It’s hard not to want to escape to an alternate reality these days, considering the dismal current world news that bombards us daily. The more steps forward we seem to make, the bigger the steps backward we end up taking and I long for days when there is nothing in the news that highlights stark global economic or other inequalities, or complaints about first-world problems like the price of avocados, or world leaders butting heads in an escalating duel of egos.
My utopia, you see, is not that different from most other people’s. I used to imagine it as lush trees, cool breezes and fruitful crops until I saw Eiffel Chong’s Kep from his 2014 Seascape series at his solo exhibition, A Trace of Mortality, at the Kathmandu Photo Gallery in Bangkok recently.
“I aim to bring us at one with Nature through this series of photographs, reminding us that we are not apart from Nature, but rather that we are a part of it.”
Malaysian-born and UK educated, Chong started out with an interest in documentary photography until his London art school influenced him to adopt a more Fine Art approach to photography. This is clearly visible in the Seascape series, where Chong captures a series of Asian seascapes in a manner evocative of the work of 16th and 17th-century Dutch seascape and landscape painters.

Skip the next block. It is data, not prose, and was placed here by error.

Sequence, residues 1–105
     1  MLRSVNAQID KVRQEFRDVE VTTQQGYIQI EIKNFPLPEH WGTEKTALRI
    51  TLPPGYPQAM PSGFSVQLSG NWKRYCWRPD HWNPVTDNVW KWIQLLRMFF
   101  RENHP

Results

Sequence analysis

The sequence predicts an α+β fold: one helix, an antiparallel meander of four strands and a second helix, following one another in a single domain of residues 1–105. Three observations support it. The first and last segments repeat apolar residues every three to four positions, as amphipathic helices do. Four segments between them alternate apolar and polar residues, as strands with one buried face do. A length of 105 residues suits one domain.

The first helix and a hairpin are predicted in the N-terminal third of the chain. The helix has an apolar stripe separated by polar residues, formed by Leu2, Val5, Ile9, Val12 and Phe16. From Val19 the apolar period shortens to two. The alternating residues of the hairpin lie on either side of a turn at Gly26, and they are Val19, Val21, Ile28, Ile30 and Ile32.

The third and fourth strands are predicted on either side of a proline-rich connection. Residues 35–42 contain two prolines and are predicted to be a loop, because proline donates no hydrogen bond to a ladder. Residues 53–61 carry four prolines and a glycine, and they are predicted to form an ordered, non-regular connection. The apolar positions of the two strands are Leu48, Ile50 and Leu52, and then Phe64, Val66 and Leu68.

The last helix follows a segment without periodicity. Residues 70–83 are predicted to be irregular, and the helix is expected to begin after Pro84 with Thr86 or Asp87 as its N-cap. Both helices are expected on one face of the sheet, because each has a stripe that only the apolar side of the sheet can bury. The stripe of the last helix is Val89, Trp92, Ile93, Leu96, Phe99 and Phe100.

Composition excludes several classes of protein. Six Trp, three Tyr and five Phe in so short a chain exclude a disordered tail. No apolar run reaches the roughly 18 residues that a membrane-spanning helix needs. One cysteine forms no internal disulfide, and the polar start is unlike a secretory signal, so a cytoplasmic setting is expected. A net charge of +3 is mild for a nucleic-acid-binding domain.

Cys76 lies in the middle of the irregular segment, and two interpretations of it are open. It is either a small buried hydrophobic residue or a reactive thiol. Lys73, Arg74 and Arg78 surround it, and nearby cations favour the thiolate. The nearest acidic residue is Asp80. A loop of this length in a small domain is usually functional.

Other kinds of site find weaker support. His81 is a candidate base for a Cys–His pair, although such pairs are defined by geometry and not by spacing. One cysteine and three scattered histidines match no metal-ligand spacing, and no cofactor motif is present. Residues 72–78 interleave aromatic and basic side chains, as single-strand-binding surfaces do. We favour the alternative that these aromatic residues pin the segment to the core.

Known for filling the frame with what would normally be the background, he avoids featuring human subjects in his works but, instead, features man-made objects and other creatures, inviting questions about who, or what is important and what really impacts our everyday life. His use of long exposure photographic techniques in his work not only allows for gorgeous light to fill the frame but also captures something quite spiritual, almost like a movement within the solitude, making for a still, yet emotionally charged image.
Chong has said in an interview that he avoids making political statements – he photographs things slowly and methodically, creating art as ideas come to him spontaneously. He has also said that people will make their own assumptions and project their own ideas onto his work, no matter what he says anyway. I think he is right! This big blue crab in the middle of the sea, perched on top of a welcome sign, makes me imagine Kep as a far-away abandoned colony that I could live in, alone and peacefully, with my water-enthusiast cats.
The image is so evocative of a painting that you can almost fool yourself into seeing the brush strokes expressed by the artist and, by artist, I mean the pagan god that I would need to make sacrifices to, every full moon, if I were to set up my country of one in this water world. With such a still image, Chong has managed to express so much with so little that he has sparked my utopia-wanderlust cravings.
As a self-confessed claustrophobe, all the space in the image is so inviting – I can almost imagine myself stepping into the image and, as I walk past Mr. Krabs, he slowly gets off his usual spot, packs his sign up and swims away.
This welcome sign was made for me and me alone.